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Federalism and the Politics of Sentencing

Rachel E. Barkow
Columbia Law Review
Vol. 105, No. 4 (May, 2005), pp. 1276-1314
Stable URL: http://www.jstor.org/stable/4099434
Page Count: 39
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Federalism and the Politics of Sentencing
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Abstract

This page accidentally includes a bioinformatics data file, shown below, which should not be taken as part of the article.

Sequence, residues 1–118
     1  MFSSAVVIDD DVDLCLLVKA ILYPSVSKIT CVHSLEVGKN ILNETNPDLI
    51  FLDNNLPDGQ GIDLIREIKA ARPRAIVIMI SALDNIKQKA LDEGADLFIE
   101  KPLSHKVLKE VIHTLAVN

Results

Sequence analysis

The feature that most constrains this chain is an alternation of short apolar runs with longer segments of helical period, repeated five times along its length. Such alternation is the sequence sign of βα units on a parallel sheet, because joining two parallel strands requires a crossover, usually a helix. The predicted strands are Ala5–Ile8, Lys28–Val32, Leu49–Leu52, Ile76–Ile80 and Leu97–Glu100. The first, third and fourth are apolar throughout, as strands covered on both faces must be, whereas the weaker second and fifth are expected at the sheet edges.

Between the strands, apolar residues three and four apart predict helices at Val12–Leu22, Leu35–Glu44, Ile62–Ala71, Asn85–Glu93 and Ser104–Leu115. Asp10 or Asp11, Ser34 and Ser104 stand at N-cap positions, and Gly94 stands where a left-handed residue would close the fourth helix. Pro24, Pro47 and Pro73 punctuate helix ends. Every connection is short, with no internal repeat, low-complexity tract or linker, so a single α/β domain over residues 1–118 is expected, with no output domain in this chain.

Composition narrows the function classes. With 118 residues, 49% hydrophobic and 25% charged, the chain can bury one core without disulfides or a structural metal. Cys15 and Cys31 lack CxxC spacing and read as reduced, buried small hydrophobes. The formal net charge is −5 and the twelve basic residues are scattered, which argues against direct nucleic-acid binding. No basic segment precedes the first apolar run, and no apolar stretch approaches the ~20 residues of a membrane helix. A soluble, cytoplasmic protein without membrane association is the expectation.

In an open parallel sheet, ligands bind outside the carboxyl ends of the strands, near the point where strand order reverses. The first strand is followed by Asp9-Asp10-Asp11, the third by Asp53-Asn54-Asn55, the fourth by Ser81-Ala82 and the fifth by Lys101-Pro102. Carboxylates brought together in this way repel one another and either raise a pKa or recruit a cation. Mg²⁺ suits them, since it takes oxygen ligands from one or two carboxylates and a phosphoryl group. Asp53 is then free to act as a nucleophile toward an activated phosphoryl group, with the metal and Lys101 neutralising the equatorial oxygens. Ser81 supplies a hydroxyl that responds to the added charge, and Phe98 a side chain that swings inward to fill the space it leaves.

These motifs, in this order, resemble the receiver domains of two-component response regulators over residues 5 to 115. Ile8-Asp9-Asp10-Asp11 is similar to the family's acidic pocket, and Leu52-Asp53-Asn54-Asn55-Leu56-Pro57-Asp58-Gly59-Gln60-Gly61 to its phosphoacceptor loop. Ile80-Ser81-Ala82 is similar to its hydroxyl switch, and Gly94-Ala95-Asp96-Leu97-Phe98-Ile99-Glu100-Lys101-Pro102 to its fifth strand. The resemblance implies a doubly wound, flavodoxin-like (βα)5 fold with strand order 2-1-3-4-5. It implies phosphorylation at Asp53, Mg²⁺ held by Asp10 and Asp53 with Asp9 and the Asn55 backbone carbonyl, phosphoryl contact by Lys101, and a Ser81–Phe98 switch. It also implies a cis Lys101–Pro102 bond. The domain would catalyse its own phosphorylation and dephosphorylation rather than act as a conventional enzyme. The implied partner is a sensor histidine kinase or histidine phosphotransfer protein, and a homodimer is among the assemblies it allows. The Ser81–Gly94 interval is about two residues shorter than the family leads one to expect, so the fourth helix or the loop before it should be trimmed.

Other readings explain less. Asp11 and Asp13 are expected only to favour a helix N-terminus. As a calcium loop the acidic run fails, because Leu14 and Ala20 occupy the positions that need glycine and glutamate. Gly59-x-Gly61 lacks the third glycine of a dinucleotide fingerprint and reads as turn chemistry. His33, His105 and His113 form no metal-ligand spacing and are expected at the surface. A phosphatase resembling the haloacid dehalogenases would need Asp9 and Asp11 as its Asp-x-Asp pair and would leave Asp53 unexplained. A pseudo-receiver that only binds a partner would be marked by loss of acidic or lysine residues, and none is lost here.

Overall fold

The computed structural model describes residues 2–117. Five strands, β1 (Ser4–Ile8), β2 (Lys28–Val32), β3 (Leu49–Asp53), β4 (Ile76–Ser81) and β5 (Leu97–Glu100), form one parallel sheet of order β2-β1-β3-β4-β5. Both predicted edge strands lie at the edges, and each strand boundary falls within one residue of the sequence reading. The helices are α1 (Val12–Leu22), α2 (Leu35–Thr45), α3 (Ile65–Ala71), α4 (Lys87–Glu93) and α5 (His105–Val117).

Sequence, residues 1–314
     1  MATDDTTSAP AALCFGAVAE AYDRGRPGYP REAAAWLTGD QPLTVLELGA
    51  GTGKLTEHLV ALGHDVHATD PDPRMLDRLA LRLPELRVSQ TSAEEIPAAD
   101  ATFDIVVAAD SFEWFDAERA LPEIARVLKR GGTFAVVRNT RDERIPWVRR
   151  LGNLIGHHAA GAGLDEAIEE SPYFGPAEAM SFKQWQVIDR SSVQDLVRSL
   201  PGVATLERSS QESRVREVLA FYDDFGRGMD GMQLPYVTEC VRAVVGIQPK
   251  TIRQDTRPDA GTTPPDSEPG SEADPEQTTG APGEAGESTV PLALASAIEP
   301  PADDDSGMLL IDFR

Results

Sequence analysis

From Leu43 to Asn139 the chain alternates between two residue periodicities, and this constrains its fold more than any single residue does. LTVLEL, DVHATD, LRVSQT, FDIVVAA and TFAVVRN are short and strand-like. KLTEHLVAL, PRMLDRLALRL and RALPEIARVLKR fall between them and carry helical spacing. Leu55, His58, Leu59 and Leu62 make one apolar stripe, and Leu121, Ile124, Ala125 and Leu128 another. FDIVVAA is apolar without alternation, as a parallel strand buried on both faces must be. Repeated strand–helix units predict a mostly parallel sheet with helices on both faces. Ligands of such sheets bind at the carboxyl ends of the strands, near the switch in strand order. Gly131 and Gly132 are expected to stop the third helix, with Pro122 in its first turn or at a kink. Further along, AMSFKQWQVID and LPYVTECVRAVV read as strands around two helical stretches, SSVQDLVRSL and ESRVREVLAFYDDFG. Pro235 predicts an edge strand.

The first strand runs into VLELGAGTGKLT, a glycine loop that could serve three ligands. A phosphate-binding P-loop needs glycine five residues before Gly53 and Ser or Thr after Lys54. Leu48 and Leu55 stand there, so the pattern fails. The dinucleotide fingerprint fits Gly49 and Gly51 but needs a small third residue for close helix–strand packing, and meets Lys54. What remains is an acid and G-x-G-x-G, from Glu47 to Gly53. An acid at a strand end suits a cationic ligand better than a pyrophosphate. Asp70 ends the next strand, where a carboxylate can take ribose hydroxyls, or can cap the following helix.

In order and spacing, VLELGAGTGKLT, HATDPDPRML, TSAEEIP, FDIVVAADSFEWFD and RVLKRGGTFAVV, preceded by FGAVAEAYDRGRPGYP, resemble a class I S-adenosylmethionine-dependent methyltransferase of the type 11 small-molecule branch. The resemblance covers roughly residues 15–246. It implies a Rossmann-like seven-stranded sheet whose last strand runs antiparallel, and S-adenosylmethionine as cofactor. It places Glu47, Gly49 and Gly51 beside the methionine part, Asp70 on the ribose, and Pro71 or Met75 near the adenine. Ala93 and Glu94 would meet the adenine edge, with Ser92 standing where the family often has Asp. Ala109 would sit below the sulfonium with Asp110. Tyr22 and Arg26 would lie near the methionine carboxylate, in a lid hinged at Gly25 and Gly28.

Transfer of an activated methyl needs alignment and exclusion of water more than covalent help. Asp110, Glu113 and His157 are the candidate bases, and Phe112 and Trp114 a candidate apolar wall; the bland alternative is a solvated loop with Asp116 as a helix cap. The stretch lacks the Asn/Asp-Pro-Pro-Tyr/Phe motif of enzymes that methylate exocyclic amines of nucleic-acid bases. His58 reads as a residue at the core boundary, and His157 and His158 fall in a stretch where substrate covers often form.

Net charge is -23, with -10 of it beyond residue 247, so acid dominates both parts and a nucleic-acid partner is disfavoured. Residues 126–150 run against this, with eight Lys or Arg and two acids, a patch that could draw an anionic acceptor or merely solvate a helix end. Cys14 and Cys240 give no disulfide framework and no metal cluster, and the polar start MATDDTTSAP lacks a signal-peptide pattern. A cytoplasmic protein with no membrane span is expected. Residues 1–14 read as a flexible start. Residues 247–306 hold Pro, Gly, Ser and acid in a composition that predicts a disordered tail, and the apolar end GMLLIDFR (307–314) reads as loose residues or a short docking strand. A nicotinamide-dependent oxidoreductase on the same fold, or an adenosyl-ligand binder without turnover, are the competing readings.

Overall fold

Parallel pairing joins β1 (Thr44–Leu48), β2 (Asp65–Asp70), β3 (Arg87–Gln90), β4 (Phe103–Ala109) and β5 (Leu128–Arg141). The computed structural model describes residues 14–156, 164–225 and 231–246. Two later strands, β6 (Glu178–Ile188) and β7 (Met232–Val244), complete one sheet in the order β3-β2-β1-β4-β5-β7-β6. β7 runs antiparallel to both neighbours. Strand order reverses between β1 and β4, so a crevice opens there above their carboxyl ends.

The politics of sentencing over the past three decades have been onesided. Voices in favor of tougher sentences dominate the legislative debate at the state and federal levels. Those advocating on behalf of sentencing reform or alternatives to incarceration garner little attention. Although there are various options for improving deliberation in light of this political imbalance, one mechanism appears to be having an impact in many jurisdictions: a focus on the direct costs of incarceration. There is evidence from the states that tight budgets and a corresponding concern with the rising costs of existing incarceration policies have prompted greater deliberation, a consideration of alternatives to incarceration, and a rethinking of sanctions for some crimes. This focus on costs has served in some sense as a surrogate for typically ignored voices, such as prisoners and their families. When legislators take incarceration costs into account, they necessarily consider more than one side of the sentencing issue, and they begin to see that longer terms of incarceration involve at least some tradeoffs. I explain that looking at costs in this context therefore serves some of the same deliberation-enhancing values that proponents of risk tradeoff and cost-benefit analyses have identified in other regulatory contexts. Firm conclusions must await empirical research, but a preliminary analysis suggests that, because the states seem institutionally predisposed to place greater weight on these costs than the federal government, the state decisionmaking process on sentencing is susceptible to greater balance and is therefore likely to be more informed.

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